Very early on in the Cal Shakes production of William Shakespeare’s “Macbeth,” a large smear of blood stains the window and doesn’t move for the duration of the performance. This image is a brilliant touch, because of its powerful effect on the play’s rich metaphor. In “Macbeth,” there are very few heroes, and everyone who comes across this brutal, violent world is tainted. The blood which rests on this window distorts everyone who passes by, and no person comes out unscathed.
The production, directed in rich tableaus by Victor Malana Maog, has a good amount going for it. The richness of the venue, the Bruns Amphitheater in Orinda, certainly helps create an amazing ambience, because there is arguably no better playwright to watch outdoors than Shakespeare.
Although there are creative choices that err on the side of ineffective, especially when it comes to the production’s inability to raise the stakes in moments, the hallmark of a Shakespeare play, his rich, driven language, is intact here.
The generals Macbeth (a solid yet somewhat milquetoast interpretation from Rey Lucas) and Banquo (versatile performer Jomar Tagatac) have just concluded a vicious conquering of Norway and Ireland. Upon his return, the Three Witches inform Macbeth of three prophecies, the final of which will see him as King of Scotland, in line to follow the well-liked King Duncan (Warren David Keith, who also delights as the comic Porter).
The idea of becoming King is certainly an awesome thought, but for Lady Macbeth (a fantastic Liz Sklar), it is all encompassing. Her passion and drive leads to an acceleration for the crown. Murder and guilt follow hard upon.
There are certainly aspects of the production that work swimmingly well. Shakespeare’s meter is handled wonderfully by a very talented ensemble cast, words and ideas that are gripping, circumstances constantly in flux. And the magnificent soundscape full of richness by Elizabeth Rhodes creates a world of mystery and mayhem on a chilly Bay Area night.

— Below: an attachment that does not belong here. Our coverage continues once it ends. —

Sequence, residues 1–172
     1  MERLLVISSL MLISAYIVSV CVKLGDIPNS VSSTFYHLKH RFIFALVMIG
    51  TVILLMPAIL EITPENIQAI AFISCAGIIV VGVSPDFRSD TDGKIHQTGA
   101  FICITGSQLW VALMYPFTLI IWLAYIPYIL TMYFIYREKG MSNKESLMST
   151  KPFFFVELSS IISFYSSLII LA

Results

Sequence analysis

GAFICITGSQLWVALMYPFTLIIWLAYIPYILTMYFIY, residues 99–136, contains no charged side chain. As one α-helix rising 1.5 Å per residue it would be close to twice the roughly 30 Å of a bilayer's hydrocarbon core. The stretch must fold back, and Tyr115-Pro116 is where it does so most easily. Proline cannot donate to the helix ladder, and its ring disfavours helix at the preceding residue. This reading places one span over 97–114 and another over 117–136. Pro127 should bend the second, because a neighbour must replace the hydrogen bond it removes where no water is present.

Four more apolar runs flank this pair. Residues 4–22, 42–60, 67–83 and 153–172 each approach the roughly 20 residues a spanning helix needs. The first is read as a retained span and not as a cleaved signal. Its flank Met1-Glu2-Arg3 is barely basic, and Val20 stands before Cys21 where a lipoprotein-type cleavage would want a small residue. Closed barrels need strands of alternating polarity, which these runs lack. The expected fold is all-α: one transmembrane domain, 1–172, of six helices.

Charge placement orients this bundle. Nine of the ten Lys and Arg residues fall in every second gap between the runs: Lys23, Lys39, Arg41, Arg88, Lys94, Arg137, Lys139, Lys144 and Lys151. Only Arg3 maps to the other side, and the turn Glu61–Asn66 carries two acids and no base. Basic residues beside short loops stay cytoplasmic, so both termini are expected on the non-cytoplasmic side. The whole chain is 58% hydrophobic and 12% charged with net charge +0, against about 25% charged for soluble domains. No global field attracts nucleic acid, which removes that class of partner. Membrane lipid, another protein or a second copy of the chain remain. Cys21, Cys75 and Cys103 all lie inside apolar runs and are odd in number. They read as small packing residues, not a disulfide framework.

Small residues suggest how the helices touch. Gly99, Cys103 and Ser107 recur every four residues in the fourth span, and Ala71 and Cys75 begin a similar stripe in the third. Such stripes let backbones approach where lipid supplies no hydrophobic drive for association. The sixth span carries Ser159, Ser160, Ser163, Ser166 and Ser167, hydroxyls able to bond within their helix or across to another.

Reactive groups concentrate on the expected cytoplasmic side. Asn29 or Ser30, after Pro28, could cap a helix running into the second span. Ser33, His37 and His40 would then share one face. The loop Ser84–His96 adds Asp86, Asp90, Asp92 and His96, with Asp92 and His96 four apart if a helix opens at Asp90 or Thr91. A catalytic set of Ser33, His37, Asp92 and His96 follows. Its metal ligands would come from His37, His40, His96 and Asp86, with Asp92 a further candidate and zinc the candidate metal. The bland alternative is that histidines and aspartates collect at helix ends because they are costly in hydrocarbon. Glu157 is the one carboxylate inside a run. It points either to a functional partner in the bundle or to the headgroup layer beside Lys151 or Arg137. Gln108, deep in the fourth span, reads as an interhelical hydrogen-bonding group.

However, the production suffers from some confounding choices and imbalanced performances. As Macbeth, Lucas is certainly one rich with skill, yet some of the most powerful moments he is tasked with come off a bit too small.
The first is in the way one of the most iconic moments is played – “Is this a dagger which I see before me?” In a moment where fate is drilling his inner psyche to act, these critical discoveries must be much sharper and stronger, driven by an all-encompassing torture and a circumstance that must overwhelm. It is a turning point moment that comes off too light, a need for flesh to be ripped away with torturous fire.
And in another, the choice to move away from a literal interpretation of a slain King Duncan at the feast is replaced with an empty chair to play against. Unfortunately, this choice doesn’t have the necessary, critical effect needed when we first learn that Macbeth’s mind is reaching a turning point. This is a critical secret shared between the audience and Macbeth, a secret that has all but disappeared.
The production’s technical aspects are mostly solid. Adam Rigg’s two-leveled set design has plenty of functionality, even throwing in some foreshadowing in the form of skulls downstage right. This allows Maog to create plenty of rich and interesting tableaus, yet unfortunately there are too many downstage obstructions, which force the audience to break out of their engagement with the show for logistical reasons. Too often actors are trapped and invisible.
The rest of the ensemble cast provides plenty of solid moments. As Macduff, Dane Troy makes wonderfully important discoveries about fate suffered by his wife, and how it now drives his mission. And Anna Ishida in dual roles, importantly playing a small yet critical role as the fleeing Fleance, does much great work to move a critical plot point forward.
While there are plenty of wonderful touches and a richness to Shakespeare’s language that the cast handles with aplomb, more unity is necessary for the richness of this version of “Macbeth” to come full out.
Much more metaphoric blood needs to be stained all over the stage.
WHAT TO KNOW IF YOU GO
Cal Shakes presents “Macbeth”
Written by William Shakespeare
Directed by Victor Malana Maog
The Word: Some confounding choices handcuff the production a bit, and more critical discoveries are necessary in order to fully unify this version of the Scottish play.
Stars: 3.5 out of 5
Through Oct. 13th
100 California Shakespeare Theater Way (Off Hwy 24)
Running time: Two hours, 25 minutes with one intermission
Tickets range from $20 – $94
For tickets, call (510) 548 – 9666 or visit calshakes.org